I had an absolute blast this past weekend at the Emerald City Writers’ Conference — the friendliest conference you’ll ever attend! For some reason, they let me have access to a microphone and a slide projector, so I was able to subject a room-semi-full of people to a presentation on genre tropes, mash-ups, and ethical artistic stealing. The slides are very pretty (thanks, Slidevana!), and some bits of it may in fact be intelligent as well! So I thought I might post it on Slideshare and on this here blog, for those who couldn’t attend the conference in person. There’s audio somewhere, and when that is available I’ll see about posting that as well (or at least letting you know how to find it elsewhere).
In Homer’s Iliad, there appears the following passage. Translation by yours truly, because if you can’t use your 7 years of ancient Greek for translating things like this, what can you use it for?
… And to their lord hastened Golden servants like living maidens. In them were minds and hearts, voice and strength, And they have learned skills from the deathless gods. They hurried around and about their master. (Iliad 18.417-421)
Why am I posting about ancient Greek lady-robots made of gold? It’s a secret—for now. Feel free to let your imaginations go wild. (Lord knows I did!)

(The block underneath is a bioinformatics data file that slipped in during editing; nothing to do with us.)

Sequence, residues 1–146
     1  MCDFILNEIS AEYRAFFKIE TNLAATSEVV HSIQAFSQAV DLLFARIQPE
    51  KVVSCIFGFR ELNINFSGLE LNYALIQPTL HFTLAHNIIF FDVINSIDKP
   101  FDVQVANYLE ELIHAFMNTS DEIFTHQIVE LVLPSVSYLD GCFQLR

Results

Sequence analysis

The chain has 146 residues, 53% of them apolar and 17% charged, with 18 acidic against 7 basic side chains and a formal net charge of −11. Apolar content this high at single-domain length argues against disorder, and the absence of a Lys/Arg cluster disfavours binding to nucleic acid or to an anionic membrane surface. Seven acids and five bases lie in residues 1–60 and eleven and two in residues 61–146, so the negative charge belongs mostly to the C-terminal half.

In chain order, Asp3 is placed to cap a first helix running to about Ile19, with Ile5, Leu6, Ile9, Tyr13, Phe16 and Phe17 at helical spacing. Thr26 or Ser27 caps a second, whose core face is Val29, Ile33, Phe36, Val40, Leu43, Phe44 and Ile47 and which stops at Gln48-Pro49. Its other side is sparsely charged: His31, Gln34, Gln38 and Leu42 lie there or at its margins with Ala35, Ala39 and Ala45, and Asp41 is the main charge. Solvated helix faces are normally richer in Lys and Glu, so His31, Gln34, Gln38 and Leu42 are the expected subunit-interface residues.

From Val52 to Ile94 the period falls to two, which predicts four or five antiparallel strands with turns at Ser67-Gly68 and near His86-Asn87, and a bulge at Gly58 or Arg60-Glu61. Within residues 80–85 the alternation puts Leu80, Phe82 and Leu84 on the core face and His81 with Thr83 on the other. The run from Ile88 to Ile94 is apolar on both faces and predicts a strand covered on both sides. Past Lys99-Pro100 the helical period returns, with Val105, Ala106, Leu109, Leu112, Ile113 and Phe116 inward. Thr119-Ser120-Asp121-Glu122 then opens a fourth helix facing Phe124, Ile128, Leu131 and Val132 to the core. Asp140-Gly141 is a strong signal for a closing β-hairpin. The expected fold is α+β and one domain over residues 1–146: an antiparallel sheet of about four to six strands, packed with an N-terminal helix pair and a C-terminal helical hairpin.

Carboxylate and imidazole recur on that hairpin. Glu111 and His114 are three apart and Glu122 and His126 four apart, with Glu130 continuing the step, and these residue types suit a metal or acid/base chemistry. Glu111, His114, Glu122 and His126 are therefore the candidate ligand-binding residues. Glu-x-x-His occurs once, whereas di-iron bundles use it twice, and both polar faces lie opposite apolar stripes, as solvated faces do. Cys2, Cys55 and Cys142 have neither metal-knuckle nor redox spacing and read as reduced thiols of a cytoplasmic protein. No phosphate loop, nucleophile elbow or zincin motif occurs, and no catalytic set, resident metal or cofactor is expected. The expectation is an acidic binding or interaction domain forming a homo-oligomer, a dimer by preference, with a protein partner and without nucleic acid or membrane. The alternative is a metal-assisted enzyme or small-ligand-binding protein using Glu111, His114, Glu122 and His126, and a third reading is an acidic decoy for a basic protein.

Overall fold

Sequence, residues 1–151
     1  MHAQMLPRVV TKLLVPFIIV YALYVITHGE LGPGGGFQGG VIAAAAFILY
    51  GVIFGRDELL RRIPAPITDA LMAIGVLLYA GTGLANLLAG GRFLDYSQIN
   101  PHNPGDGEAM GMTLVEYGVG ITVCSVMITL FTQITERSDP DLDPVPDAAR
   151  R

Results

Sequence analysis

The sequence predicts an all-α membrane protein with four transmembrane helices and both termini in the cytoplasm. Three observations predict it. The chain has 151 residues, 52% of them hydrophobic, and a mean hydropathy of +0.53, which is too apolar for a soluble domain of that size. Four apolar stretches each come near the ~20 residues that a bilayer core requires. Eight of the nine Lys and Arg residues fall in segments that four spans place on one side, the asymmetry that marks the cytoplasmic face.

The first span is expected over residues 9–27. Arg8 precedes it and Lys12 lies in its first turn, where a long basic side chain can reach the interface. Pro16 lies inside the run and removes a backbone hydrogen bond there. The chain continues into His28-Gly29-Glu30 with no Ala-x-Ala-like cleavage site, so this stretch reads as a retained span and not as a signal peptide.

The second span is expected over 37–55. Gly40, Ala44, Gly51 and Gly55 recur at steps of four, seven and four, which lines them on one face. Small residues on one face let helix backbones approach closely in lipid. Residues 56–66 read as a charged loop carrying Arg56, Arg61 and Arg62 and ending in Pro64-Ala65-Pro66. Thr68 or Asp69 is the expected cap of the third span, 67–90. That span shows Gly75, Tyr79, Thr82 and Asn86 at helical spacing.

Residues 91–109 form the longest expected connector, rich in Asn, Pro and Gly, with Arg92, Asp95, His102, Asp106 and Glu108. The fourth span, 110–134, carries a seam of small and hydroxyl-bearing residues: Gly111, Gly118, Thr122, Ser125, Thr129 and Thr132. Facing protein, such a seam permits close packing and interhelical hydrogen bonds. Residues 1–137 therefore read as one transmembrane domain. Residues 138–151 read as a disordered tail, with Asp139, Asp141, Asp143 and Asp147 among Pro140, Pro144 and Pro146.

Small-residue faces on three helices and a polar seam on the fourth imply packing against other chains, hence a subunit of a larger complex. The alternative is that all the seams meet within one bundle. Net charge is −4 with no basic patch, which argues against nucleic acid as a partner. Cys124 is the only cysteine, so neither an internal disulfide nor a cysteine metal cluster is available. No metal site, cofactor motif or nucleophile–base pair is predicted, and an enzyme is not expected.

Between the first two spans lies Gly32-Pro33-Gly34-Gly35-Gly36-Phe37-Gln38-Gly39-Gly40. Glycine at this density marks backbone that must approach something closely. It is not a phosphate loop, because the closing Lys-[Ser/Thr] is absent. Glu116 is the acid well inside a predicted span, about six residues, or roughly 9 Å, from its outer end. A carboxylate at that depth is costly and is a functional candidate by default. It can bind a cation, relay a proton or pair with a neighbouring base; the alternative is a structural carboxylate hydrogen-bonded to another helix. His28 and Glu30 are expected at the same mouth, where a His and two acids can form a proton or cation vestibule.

Well! The vacation was lovely — even during the part where I threw up on a fish — but it took us two full days to get home again. And then! I undertook a full backup of my computer — a huge backup that erased all the other littler backups — and in the middle of this important process my hard drive up and died like Sean Bean when he’s got second billing.
For a while it looked as though I’d lost everything — photos, music, the entire contents of my documents folder, with its current manuscripts and past manuscripts and half-finished manuscripts, can you imagine — but luckily the inimitable Mr. Waite was able to salvage the documents from the half-finished backup. And now I’m writing this blog post from a brand-new, shiny computer.
But what does a writer do when her primary mode of composition is unavailable?
This writer makes jewelry.
I’m calling this the Botticelli Bangle. The pattern is the Scheherezade Bangle from Sabine Lippert‘s Beaded Fantasies, though I took liberties with the colors and bead amounts. Bonus: it continues this summer’s Grecian theme! I can wear it to the other four weddings we’re attending in the months to come!
So yes, I promise I’ll be back to blogging regularly now. But it’s nice to know I can be productive even when I’m being unproductive.